So Europe can serve as an alternative model?

I hope so. Our only chance is to try and pursue this third way in Europe. To do that, we must try to build up our liberal democracies, social market economies and European social welfare to serve as role models. We need to capitalise on digital technologies and media to sustain our model. We should not use them just to boost economic growth, as they do in California and China. Nor should we use them to control the population. But we only have this opportunity if the whole of Europe cooperates well with each other.

Do you think Germany is well-prepared to use digital transformation as an opportunity for sustainable development?

Germany is not in a good position to compete in the mainstream areas yet. The country, for example, intends to spend €3bn on artificial intelligence, which it naively believes will propel it to the top when it comes to AI research. But if a province in China alone can spend ten to a hundred times more on AI, then you will see the actual power balances and the situation in the economic spheres. That figure on its own says it all, the role that Europe can actually play.

But you would still argue for a European solution?

Because the upheaval is so great, we need to stand shoulder to shoulder. The German car industry has understood this at least to some extent, as we can see in the partnership between BMW and Daimler. In fact, at some point we will need to have some sort of alliance involving the entire European car industry. That would compare to what is currently being planned in China.

In this era of globalisation, Germany’s problems can no longer be solved within Germany alone. We can only solve them within Europe. But politically and culturally, populations are still deeply rooted in the nation-state world. That is actually a reaction to globalisation. But we won’t be able to solve our problems by hiding behind a national identity. We rather need to pursue our own European pathway within Europe, globally united on an economic and political front. That’s what I propose: standing shoulder to shoulder as Europeans. But what I am currently observing in Europe is the exact opposite.

You mentioned that people, or rather consumers, need to fundamentally change their lifestyle. How do you win people’s support for this?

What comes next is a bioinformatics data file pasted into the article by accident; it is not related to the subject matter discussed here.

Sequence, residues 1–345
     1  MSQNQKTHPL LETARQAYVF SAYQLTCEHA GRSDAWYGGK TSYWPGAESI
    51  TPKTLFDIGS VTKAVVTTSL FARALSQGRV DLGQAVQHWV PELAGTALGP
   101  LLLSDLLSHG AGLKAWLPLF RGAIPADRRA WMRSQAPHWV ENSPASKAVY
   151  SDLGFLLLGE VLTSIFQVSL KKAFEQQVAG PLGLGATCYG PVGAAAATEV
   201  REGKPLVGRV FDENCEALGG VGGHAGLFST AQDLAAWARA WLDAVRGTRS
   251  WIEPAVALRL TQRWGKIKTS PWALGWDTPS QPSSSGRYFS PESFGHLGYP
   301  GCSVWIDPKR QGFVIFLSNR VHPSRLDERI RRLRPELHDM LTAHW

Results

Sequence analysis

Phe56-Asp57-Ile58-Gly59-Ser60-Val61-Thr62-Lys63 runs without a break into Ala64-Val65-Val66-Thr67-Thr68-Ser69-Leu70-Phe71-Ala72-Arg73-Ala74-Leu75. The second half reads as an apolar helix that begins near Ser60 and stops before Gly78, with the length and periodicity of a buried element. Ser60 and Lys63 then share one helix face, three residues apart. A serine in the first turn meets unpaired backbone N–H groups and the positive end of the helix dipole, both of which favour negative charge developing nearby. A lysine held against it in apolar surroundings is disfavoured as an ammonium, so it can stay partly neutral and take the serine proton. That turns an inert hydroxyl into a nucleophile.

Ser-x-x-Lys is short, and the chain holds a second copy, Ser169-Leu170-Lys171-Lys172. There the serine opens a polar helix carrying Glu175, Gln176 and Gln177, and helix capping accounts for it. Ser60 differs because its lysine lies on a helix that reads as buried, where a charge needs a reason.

I believe that the population can only be won over to a certain degree. Moral persuasion is used as a soft policy time and time again from the toolbox of political measures. But it has its limits, when it comes to habits or even concepts of justice. I believe that the only way is political regulation and a strong state, which has the courage to tackle certain issues and proudly say: we are regulating that now. I do not believe that private consumption will save the world, because the dependencies are so great and the public are too accustomed to convenience.

Aren’t authoritarian states at an advantage here, since they can effect radical change?

I’d rather die in a democracy than live in a sustainable dictatorship. Climate change is still a better option than losing our civil liberties. At some point, we will discuss the future of democracy in Europe against the backdrop of what’s happening in China and North America. The more we get bogged down in climate and environmental policy needs, the more legitimate it will be for us to debate fundamental democratic institutions.

But there’s no right life in the wrong one, as the philosopher Theodor Adorno said. And that applies here as well: we must not allow dictatorial, totalitarian measures in the name of the environment.

Where do you see the greatest risks of destabilisation over the next few years?

Migration developments in Africa. Neither German politicians nor the German scientific elite have absolutely any idea of what’s going on in Africa. The change in demographics is enormous. Looking at the ongoing economic integration of Africa by the EU, it’s clear that we are ultimately responsible for the migration. We just turn a blind eye to it. Whether it’s arms exports, oil imports or harvesting resources for our smartphones. There’s no solidarity at all. That’s why we are experiencing such strong pressure from Africa, through this combination of climate change, digital resource mining and population explosion, which is destabilising southern European countries in such a way that it could spell the end of the EU.

How can the tide be turned?

Europe would do well to use digital technologies, media and fair trade to build an independent African-European cooperation model and try to help Africa along the path towards a sustainable future with support from European technology.

That’s our alternative model: stand shoulder to shoulder with Africa on a humanitarian basis and with fair trade relations. We could actually export our own digital, societal model. But instead, China is beginning to invest in Africa. This offers hope to Africa, but it also means that China is exporting its model. Then, maybe someday, we will have reasonably stable conditions in Africa, which could even help alleviate the migration crisis. This would be a good thing for Africa, as far as economic development is concerned. Not so much for political developments. As for the global economic and geopolitical distribution of power, the influence from Europe will be much smaller.

This interview was conducted by https://www.ips-journal.eu/about/writers-and-contributors/writer/claudia-detsch-1/Claudia Detsch.